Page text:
A lot of organizations issue predictions without looking back to see what they got right and what they, um, didn’t. We decided to take a look at the predictions we issued in Jan. 2009, Top 14+ Media Trends for 2009.
We did pretty well with those predictions:
- We were right in saying we need a new term for newspaper once they stop printing on paper. However, our designated term “newssites” has not taken off.
- We were (sadly) correct that a lot of print newspapers and magazines would shift to online-only in 2009. And we were right that some papers would rely more on charts, rankings and shorter articles to mimic online media while magazines would print thinner editions. And, as predicted, last year saw fewer magazine launches than prior years.
- We saw more media layoffs in 2009, including cuts hitting online newsrooms. And we expected stringers and citizen journalists to contribute more content to mainstream media, which is a bit difficult to prove. Meanwhile, the New York Times got in trouble with its own ethics rules in working with some freelance reporters for potential and actual conflicts of interest. This seem to crop up with travel reporters for the Times’ Sunday Travel section; that’s not surprising because freelance travel writers often accept freebies to be able to afford to travel around the world. Accepting freebies, even for stories not published by the Times, goes against Times policy, and we think that’s a bit of a mistake — the Times isn’t willing to offer these freelancers full-time positions yet expects them to live by the same rules as full-time Times staffers who get the benefit of a Times expense account and a Times’ salary.
- We were right that hyperlocal media continues to be important. But dozens of local suburban weekly newspapers also closed last year — so as a strategy, a hyperlocal approach can not save papers from poor business decisions (i.e. debt load) of their parent companies.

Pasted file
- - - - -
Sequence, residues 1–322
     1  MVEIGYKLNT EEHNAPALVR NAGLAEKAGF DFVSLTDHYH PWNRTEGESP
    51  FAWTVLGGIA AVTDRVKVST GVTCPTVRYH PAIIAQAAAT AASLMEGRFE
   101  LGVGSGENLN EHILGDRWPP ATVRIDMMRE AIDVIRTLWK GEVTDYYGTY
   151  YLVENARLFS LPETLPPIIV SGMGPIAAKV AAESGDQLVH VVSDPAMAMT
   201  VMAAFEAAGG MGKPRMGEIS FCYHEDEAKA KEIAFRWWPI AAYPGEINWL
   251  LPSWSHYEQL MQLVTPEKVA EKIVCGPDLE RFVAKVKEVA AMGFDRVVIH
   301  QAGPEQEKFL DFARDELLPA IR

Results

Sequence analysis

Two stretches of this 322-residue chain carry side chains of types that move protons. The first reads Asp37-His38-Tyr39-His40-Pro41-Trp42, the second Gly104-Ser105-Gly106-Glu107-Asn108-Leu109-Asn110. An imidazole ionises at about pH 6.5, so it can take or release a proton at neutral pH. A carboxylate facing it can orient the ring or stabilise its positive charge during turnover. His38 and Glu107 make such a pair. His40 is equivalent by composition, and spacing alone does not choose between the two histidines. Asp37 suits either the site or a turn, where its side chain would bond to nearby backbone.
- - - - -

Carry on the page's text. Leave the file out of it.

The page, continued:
- Local TV did indeed hit a bumpy road, especially local affiliates of NBC — not that we predicted the Leno experiment.
- Twitter did become more prominent, with mainstream references to it.
- Our prediction that people would start suffering from SNF (Social Networking Fatigue) — did not happen in general last year. However, a few celebrities — including Miley Cyrus and Ricky Gervais, who otherwise seem unlikely to share a point of view — indeed seemed to be suffering from SNF, getting attention for quitting Twitter.
- We were right that online reputation management would continue to be important. That will continue in 2010, too, though some companies still don’t get it.
- We got right some of the new features in Kindle 2.0, and were right that 2010 will be a bigger year for ebooks. Amazon sold a larger percentage of electronic books during the 2009 Christmas season than in the prior year.
- We’re pleased that the New York Times survived 2009. We were right that the Times would not sell the Boston Globe.
- Rupert Murdoch did make more changes to the Wall St. Journal in 2009, but has not “tarted” it up. Yet.
- As for the AP and changes to its model, pricing, etc., that’s still too early to call. It did not happen in 2009, but it will come.
Now, if only the economy had been better…